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 Sherman        vs.          Stanton          (Part I)













Our story begins with a grudge match.  The two antagonists were Secretary                                                                                                       of War Edwin M. Stanton and General William T. Sherman.  It is my belief                                                                                                   that the grudge grew out of a letter Stanton received from Sherman, giving                                                                                                   the latter’s reasoning for not employing African-Americans as soldiers                                                                                                             during the Civil War.







          “[I]f Negroes are to fight,” Sherman wrote Stanton on October 24, 1864, during his                      March to the Sea , “they, too, will not be content with sliding back into the status of slave          or free Negro.  I  much prefer to keep Negroes yet for some time to come in a                              subordinate state, for our  prejudices, yours as well as mine, are not yet schooled for

         absolute equality.”[i]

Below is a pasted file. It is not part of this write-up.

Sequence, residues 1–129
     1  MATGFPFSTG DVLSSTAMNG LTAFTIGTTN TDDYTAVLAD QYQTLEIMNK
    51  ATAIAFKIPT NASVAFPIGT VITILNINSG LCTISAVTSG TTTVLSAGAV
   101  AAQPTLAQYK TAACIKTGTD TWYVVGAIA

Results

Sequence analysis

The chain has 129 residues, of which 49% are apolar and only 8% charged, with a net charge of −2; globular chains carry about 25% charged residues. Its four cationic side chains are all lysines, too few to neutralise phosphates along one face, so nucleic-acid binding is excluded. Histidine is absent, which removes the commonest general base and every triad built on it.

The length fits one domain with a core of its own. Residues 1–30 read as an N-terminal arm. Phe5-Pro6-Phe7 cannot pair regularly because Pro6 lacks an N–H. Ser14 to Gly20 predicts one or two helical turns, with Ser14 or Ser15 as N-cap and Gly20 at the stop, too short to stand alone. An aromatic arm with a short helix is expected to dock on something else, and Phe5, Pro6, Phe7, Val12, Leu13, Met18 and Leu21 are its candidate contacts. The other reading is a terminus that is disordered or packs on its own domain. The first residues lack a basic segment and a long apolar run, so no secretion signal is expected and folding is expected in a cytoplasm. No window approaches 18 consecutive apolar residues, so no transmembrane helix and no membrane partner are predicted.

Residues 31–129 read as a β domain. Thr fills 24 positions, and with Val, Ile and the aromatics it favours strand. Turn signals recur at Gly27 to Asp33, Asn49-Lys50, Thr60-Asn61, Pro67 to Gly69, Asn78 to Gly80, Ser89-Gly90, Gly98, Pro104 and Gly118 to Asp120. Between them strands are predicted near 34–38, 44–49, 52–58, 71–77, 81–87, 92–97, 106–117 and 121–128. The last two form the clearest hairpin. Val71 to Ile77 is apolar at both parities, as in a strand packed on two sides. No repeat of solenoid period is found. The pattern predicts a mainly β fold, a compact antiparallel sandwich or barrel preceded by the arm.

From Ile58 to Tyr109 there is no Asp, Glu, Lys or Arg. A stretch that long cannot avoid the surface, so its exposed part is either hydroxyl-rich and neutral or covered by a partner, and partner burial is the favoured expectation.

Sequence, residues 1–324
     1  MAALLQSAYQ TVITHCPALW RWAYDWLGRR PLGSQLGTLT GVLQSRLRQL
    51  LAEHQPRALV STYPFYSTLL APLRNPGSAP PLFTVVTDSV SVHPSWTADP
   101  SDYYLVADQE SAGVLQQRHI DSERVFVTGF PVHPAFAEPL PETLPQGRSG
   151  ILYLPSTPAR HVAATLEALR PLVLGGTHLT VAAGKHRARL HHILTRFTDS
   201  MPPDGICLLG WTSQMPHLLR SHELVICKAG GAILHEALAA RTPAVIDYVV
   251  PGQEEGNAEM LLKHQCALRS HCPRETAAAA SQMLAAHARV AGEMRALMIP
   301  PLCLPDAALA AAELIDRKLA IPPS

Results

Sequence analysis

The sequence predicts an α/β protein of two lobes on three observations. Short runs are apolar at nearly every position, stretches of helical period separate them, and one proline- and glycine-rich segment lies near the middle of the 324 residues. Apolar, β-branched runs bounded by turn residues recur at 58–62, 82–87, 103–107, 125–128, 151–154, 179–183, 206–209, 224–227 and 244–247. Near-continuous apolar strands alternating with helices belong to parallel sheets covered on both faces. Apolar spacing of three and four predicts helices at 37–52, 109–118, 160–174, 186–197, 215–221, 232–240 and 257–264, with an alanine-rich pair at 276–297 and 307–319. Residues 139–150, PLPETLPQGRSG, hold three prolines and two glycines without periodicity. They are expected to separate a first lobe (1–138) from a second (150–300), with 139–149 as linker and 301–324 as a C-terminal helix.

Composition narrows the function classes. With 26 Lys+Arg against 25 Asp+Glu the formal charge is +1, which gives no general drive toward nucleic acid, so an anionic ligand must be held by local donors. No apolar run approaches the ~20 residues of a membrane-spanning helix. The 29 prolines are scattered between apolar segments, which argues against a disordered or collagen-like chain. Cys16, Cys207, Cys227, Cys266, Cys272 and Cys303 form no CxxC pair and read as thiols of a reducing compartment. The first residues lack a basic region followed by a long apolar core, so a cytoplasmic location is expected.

One can imagine Stanton’s outrage not only at Sherman’s insubordination, but also his            presumption that his superior was as racist as he.  Perhaps he did not know of Stanton’s          rearing by strongly anti-slavery parents or his childhood adulation of William Lloyd                Garrison, the leader of the abolitionist movement.  But Sherman was politically wired;              his brother William was a moderate Republican Senator representing Ohio.  Surely the            general knew of Stanton’s quiet alliance with the congressional Radical Republicans,                who championed the kind of “absolute equality” Sherman admitted he could “not yet”              abide.


        Yet Stanton, a man who could normally hold a grudge better than his tongue, took no               immediate action against Sherman.  No doubt the secretary considered the general a                 necessary evil to win the war.  Besides, Sherman reputedly had just saved President                   Lincoln’s job with his smashing victory at Atlanta in September.   No, in devotion to a               greater cause, Stanton had to put his feelings aside…for now.









i. Maj. George B. Davis, USA, Leslie J. Perry and Joseph W. Kirkley.  (1892.)  p. 428. War of the Rebellion: A Compilation of the Official Records of the Union and Confederate Armies, Part II—Correspondence, Etc. Washington: Government Printing Office.


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